Pregnancy travel insurance

Fancy a nice, relaxing getaway before your baby arrives? Have no fear - sorting out your travel insurance should be pretty easy.

Key points

  • You might be covered for pregnancy on a standard policy
  • Your airline may need a 'fit to fly' letter
  • Take care with live vaccines

There are plenty of insurers who will cover you while you're pregnant, as long as you're not travelling too close to your due date.

It's just a case of getting a policy that puts your mind at rest.

What's pregnancy travel insurance?

Pregnancy travel insurance is a specialist policy that covers any pregnancy-related complications while you're away.

Insurers may automatically include pregnancy on a standard policy, with certain exemptions, so check your terms and conditions before plumping for a specialist policy.

Is pregnancy a 'medical condition' for travel insurance?

No - you won't have to declare pregnancy as a pre-existing medical condition because it's neither an illness nor an injury.

You'll still need to let your insurer know about any other conditions that you have but not necessarily ones related to pregnancy.

If you use GoCompare to find travel insurance quotes, you won't find 'pregnancy' - or anything related to it - in our options for existing medical conditions.

However, some insurers may consider covering specific pregnancy related conditions, so it's worth giving them a call to double check whether they'll cover you.

What's covered by pregnancy travel insurance?

Standard travel insurance will usually cover you up until the 28th week of your pregnancy - after this point, you might have to take out a specialist policy.

Your pregnancy travel insurance should include everything a good standard policy covers such as medical expenses, personal liability cover, cancellation and possessions cover.

You should also be covered for any pregnancy related medical emergencies such as a premature birth as well as repatriation to the UK.

It may be a condition of your insurance that you need to be back home at a certain point before your due date too so you'll have to double check your calendar.Holiday gear

Jennifer Johnston-Watt, corporate affairs manager at Sainsbury's Bank says "Make sure you're aware of the cut-off date when you'll no longer be covered - it should be specified in your relevant policy wording.

"This applies to claims under the cancellation/cutting short your trip and medical expenses sections of the policy."

On 12th September, 2017, GoCompare analysed 972 annual travel insurance policies on the matrix of independent financial researcher, Defaqto and found that 80% of policies would cover cancellation for pregnancy-related complications as standard.

Double check whether you're covered before you look into specialist policies.

If you need to cancel due to a medical problem, make sure you get a note from your doctor as proof.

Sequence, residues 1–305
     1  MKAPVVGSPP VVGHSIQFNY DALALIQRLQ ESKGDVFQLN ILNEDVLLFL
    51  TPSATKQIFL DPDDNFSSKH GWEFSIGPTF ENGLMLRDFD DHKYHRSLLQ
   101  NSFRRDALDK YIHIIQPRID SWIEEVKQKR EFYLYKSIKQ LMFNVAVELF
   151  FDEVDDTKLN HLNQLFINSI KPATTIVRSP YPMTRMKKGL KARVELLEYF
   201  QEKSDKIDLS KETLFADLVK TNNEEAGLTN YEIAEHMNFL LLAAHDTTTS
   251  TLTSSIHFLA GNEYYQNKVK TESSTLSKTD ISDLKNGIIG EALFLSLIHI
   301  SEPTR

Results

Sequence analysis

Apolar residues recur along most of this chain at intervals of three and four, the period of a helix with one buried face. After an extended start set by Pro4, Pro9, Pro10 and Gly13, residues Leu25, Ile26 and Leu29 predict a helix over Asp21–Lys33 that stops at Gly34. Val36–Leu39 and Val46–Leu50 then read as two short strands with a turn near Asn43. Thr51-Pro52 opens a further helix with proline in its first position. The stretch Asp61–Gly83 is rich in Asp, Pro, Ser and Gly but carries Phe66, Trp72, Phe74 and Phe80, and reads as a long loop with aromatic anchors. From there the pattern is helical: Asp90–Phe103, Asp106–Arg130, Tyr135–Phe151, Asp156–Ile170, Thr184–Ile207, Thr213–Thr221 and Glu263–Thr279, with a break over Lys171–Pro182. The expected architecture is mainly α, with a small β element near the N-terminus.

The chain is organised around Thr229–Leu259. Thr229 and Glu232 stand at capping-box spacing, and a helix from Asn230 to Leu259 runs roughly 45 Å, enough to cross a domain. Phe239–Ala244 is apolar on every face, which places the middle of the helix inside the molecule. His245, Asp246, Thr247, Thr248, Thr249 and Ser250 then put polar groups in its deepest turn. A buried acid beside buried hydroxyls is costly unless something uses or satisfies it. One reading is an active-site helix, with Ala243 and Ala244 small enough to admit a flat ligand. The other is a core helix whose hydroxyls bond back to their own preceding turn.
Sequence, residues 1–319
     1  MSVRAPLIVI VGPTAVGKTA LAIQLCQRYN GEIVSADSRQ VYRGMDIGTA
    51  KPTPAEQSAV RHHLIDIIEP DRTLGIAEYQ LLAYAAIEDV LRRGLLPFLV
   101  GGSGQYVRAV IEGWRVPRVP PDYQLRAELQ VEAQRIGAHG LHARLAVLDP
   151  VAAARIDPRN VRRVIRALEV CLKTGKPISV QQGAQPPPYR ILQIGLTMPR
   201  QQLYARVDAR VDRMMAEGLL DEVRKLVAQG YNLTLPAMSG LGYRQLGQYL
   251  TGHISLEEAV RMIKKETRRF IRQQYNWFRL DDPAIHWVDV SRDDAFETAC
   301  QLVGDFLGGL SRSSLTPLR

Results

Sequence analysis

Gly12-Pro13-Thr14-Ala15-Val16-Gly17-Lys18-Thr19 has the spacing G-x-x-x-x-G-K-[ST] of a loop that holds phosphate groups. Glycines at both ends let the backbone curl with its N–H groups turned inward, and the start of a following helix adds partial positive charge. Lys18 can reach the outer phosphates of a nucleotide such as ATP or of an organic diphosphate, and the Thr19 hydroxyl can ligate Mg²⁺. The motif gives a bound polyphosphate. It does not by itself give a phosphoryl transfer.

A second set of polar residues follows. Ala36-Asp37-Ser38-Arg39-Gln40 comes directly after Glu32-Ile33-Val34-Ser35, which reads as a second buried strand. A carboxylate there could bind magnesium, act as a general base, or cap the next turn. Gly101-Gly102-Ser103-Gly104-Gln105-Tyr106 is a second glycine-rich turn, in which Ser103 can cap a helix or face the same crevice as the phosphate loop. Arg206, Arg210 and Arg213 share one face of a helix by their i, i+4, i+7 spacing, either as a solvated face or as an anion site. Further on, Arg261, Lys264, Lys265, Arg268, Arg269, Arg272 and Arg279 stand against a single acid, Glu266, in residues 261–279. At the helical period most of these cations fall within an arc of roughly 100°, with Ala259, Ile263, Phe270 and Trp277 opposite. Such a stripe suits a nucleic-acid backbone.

And don't just go for the cheapest option you see - find a policy that covers all of the things you'd like to be insured for.

Will the airline let me fly?

Depending on what airline you're flying with, you might be able to fly until quite late into your pregnancy.

Airlines differ on when they'll allow you to fly - for instance, British Airways will let you fly up to the end of your 36th week if you're having one baby and 32nd week if you're having twins, triplets or quads.

Aeroplane

However, Easyjet will only let you travel up to the end of your 35th week with a single pregnancy.

Airlines will usually lay out their terms for flying during pregnancy on their website so have a quick look before you book.

And make sure you've got the all clear from your doc beforehand - you may need a 'fit to fly' letter in order to board.

What precautions do I need to take?

As any pregnant woman knows, it's important to take care of yourself when you're expecting - especially when you're travelling.

See also

  • Family travel insurance
  • Travel insurance with medical conditions
  • Holiday curtailment cover

Jacqui Tomkins from Independent Midwives UK advises: "Ask for an aisle seat to accommodate frequent trips to the bathroom, and to allow for opportunities to stretch your legs.

"Wear loose clothing and comfortable shoes - consider wearing compression stockings too.

"Drink plenty of water to keep hydrated and keep a supply of appropriate snacks available to keep blood sugars from dropping.

"Consider the travel advice for the country of destination, particularly for vaccines. It's generally thought that live vaccines should be avoided in pregnancy and that malaria poses the most risk to mothers and their unborn babies. For further advice, refer to the NHS advice page.

Finally, remember to pack your 'fit to fly' letter, your maternity notes and all the medications you are taking."

By Alice Morgan